Horace Spencer and Tyler Harris both fouling out for Auburn, and Kareem Canty had to spend some time on the bench in the second half with four fouls. Canty led the Tigers 22 points, bouncing back from his 1-for-15 outing against Auburn, and Bryce Brown added 20.
BYU 84, Northern Iowa 76: Dave Rose’s Cougars picked up a quality win for their resume in the Diamond Head Classic’s fifth-place game, using a 19-2 first half run to establish the distance needed to hold off the Panthers. Chase Fischer scored 26 points, hitting four more three-pointers, and Kyle Collinsworth tallied 12 points, 17 rebounds and six assists to lead the way for BYU. UNI scored 24 points off of 15 BYU turnovers, but their inability to hit shots (40 percent from the field) when not benefitting from Cougar mistakes proved to be the difference.
Washington State 82, New Mexico 59: The Mountain West took another hit Christmas Day, as the Lobos were blown out by Washington State in the seventh place game at the Diamond Head Classic. Josh Hawkinson, who played just seven minutes in the first half due to foul trouble, scored 12 of his 19 in the second half and as a team Wazzu shot 54.2 percent from the field and 11-for-20 from three.
Hawkinson led five Cougars in double figures. After getting off to a good start to the season the Lobos once again struggled defensively and with turnovers, and they have many kinks to work out ahead of their Mountain West opener Wednesday night.
Buddy Hield and Jordan Woodard, Oklahoma: Hield and Woodard combined to score 62 points on 20-for-27 shooting from the field in their win over Harvard.
Zena Edosomwan, Harvard: Oklahoma did not have an answer for the Harvard big man, who tallied 25 points and 16 rebounds in a losing effort.
Chase Fischer, BYU: One game after hitting nine three-pointers Fischer hit four more, scoring 26 points in the Cougars’ win over Northern Iowa. Fischer shot 13-for-25 from three in wins over New Mexico and Northern Iowa.
Roderick Bobbitt, Hawai’i: Bobbitt shot extremely well in scoring 30 points in a win over Auburn, shooting 8-for-13 from the field and 8-for-8 from the foul line.
Cullen Neal, New Mexico: Things got so bad for the redshirt sophomore that he was benched for the entire second half in the Lobos’ loss to Washington State. In eight minutes Neal went scoreless and didn’t have an assist, committing five turnovers.
New Mexico’s three-point shooters: Neal wasn’t the only one who struggled, as the Lobos shot 0-for-10 from three on the day.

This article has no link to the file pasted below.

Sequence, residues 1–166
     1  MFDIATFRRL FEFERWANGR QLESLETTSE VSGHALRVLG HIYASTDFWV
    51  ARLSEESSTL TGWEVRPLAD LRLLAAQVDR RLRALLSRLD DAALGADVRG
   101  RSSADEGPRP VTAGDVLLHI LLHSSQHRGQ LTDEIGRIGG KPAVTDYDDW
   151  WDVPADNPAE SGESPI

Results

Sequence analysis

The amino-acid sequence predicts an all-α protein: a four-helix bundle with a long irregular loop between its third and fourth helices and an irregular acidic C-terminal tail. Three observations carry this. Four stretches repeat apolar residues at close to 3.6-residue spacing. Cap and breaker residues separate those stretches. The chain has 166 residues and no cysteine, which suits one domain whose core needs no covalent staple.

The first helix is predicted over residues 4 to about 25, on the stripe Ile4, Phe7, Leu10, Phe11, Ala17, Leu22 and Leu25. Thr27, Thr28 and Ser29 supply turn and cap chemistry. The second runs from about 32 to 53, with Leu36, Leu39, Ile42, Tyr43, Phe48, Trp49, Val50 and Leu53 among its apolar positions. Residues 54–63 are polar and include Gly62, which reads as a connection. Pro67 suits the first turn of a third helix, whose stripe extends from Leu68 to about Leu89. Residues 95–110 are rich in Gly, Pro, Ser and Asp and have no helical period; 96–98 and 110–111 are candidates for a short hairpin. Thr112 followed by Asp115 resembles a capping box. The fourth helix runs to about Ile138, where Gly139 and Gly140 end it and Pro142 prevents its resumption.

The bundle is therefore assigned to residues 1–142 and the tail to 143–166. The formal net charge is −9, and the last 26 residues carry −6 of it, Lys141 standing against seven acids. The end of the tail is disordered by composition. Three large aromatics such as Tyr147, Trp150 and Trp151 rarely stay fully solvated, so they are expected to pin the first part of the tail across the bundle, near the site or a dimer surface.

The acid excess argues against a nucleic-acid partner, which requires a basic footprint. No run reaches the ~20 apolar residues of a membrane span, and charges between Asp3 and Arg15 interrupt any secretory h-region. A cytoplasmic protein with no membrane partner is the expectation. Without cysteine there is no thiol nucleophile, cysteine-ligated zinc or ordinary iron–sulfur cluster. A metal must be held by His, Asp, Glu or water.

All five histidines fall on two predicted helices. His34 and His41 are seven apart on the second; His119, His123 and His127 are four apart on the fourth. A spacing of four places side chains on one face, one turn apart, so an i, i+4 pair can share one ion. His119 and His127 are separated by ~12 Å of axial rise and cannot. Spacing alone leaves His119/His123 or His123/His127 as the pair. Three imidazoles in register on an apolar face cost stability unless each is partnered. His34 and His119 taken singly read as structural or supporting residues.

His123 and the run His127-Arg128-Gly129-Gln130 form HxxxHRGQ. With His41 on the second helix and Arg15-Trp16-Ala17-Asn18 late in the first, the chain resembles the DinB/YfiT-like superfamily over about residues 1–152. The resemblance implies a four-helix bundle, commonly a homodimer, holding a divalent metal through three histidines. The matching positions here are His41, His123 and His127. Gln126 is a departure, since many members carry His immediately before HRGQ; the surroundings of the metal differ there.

Patrick Steeves, Harvard: In 28 minutes off the bench Steeves made just one of his eight shots from the field, scoring two points.
Isaiah Cousins, Oklahoma: Cousins didn’t have the night teammates Hield and Woodard had, scoring seven points on 2-for-11 shooting.
Mountain West tournaments to remain at Thomas & Mack through 2019
Friday afternoon the Mountain West Conference announced that it would continue to hold its men’s and women’s basketball tournaments at the Thomas & Mack Center in Las Vegas through 2019. The Thomas & Mack Center, which is also UNLV’s home building, has hosted the event every year since 2007 and the new deal comes as no surprise.
What is interesting about the announcement is the change to the Mountain West tournament bracket beginning with the 2017 edition. Both the men’s and women’s tournaments will be eight-team affairs, meaning that the bottom three teams in the league standings will remain home.
“The decision by the Board to feature the top eight men’s and women’s teams in the MW Basketball Championships is consistent with a broader Mountain West Conference initiative emphasizing performance-based competitive excellence,” Mountain West commissioner Craig Thompson said in the release.
“Similar approaches are being implemented in other MW championships based upon the best interests of those particular sports. This most recent action will increase the importance of our regular-season basketball competition and is a vehicle to enhance the overall success of our basketball enterprise.”